More isn't always more. In fact, in direct mail, more can be overwhelming, confusing, and even paralysing.

The mail side of the postcard (it's hard at first to even tell which side is the mail side) includes the address area, return address and indicia, PLUS a headline, an offer for a free estimate, body copy in the form of a letter with ten bullet points, a photo of the owners, a list of services, five logos, three reviews, a URL, a toll-free number (and a partridge in a pear tree).

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Mailbox Monday

Here at B Direct, we were overdue for a "Mailbox Monday." But, what to write about? Business services from American Express? Fundraising from the ASPCA? 178-day world cruises we can't afford? The fake check from Gladiator Lending (grrrrrrrrrrrrrr)?

We were about to find an oldie but goodie from our "swipe file," when a wonderful email arrived. So, today's "Mailbox Monday" is really an "Inbox Monday." And this particular piece of marketing has captured our hearts and imagination.

For a bit of background, the Queen B recently ordered a package of mini bully sticks for her mini dachshund. They are just about his favorite treat (and, trust us, you really don't want to know what they're made out of). An email arrived this morning with the subject line "Important Update to your Amazon Order." Naturally, we assumed that the item was backordered or the order was delayed for some other reason. However, when we clicked and opened the message, we found an adorable note addressed to "Alexandra's dog."

Here's the text ...

 

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Get Smart

When it comes to direct marketing, the list is important. The creative is important. But, the offer is king.

Basically, the offer spells out what the customer or prospect needs to GIVE and what he or she will GET in return.

We call this the Give/Get Ratio. And, an offer is only as good as the recipient perceives that ratio to be. If you aren't asking them to GIVE much and you've convinced them that what they'll GET is worth more than they have to GIVE, you have a compelling offer.

For example, when we used to work in cable television, a typical offer to a new subscriber might be: "Free Installation and $4.95 for 250 channels your first month." 250 channels sound like a lot, don't they? And, $4.95 doesn't sound like too much. So, the prospect thinks "I'm being asked to GIVE $4.95, and in exchange I'll GET 250 cable channels. Gee!" Assuming they watched television, this was a strong offer.

When choosing and articulating an offer, you always want to make it sound like the customer is getting the better part of the deal. But, did you know that you need to think about the Give/Get Ratio before an offer is even made? At every milestone of your campaign, your audience has a choice to continue or to abort. You may not have asked for money yet, but you are asking them to give their time and attention. They have to believe they will GET more than they GIVE every step of the way.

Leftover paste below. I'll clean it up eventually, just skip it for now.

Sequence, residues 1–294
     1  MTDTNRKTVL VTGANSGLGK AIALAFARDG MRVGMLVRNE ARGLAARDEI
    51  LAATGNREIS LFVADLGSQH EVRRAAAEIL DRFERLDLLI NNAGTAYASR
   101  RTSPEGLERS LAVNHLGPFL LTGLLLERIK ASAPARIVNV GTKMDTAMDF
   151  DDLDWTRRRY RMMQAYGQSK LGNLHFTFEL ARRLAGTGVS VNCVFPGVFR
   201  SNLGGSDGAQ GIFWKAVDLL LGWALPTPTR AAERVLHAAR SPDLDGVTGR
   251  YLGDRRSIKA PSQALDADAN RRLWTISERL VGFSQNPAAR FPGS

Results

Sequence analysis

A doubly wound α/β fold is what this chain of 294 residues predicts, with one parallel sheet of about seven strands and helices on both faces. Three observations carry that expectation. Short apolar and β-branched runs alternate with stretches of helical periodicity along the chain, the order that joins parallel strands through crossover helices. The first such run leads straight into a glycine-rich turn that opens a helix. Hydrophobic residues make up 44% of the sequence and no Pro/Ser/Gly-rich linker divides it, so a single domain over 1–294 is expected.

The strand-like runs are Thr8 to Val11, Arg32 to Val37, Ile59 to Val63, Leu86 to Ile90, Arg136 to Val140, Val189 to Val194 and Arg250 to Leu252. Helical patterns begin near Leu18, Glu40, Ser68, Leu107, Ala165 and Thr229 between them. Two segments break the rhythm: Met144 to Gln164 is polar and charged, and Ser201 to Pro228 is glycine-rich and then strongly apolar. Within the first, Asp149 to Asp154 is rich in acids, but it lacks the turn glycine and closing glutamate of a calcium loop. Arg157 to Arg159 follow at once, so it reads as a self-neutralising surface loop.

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Mailbox Monday

An old direct marketing mentor of ours used to joke, "If you can't make it big, make it red."

Actualy, he wasn't joking.

When you're designing direct mail, you want to make an impression and one way to do that is to make your headlines or your graphics or your entire package as BIG as possible.

Another way is to make your campaign small.

When a person empties the contents of their mailbox, they are naturally drawn to anomalies. In the sea of business correspondence and credit card statements they receive on a regular basis, the campaigns that are bigger, smaller, an unusual shape or texture tend to stand out.

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Fight for the Right to be Creative

Next week, the Queen B will be speaking at NEDMA's annual Direct Mail Symposium. Her presentation is called, "From Blank Page to Killer Creative." She'll be sharing several campaigns, showcasing the successful concepts that were produced and mailed, but also the two or three in each case that didn't ever see the light of day. The goal is to illuminate the creative process.

If you're interested in attending, visit: https://www.nedma.com/dm-symposium-5-ds

When the Bs sit down to brainstorm, there are generally two different categories of input that we work with. The first is a formal Creative Strategy. You can think of this as all the left brain data and insight. It usually includes:

The creative challengeIndustry overviewProduct overviewCompetitionObjectivesTarget audienceMessage strategyFormatLists/Media strategyOffersMisc. (mandatories and/or “sacred cows”)

This information can come from the client in the form of a Strategy Brief. It can be generated by B Direct, after various input conversations. Or, it can be the result of collaboration between client and agency. No matter how it's built (or which of dozens of templates we use), it's critical that these articulated and agreed upon.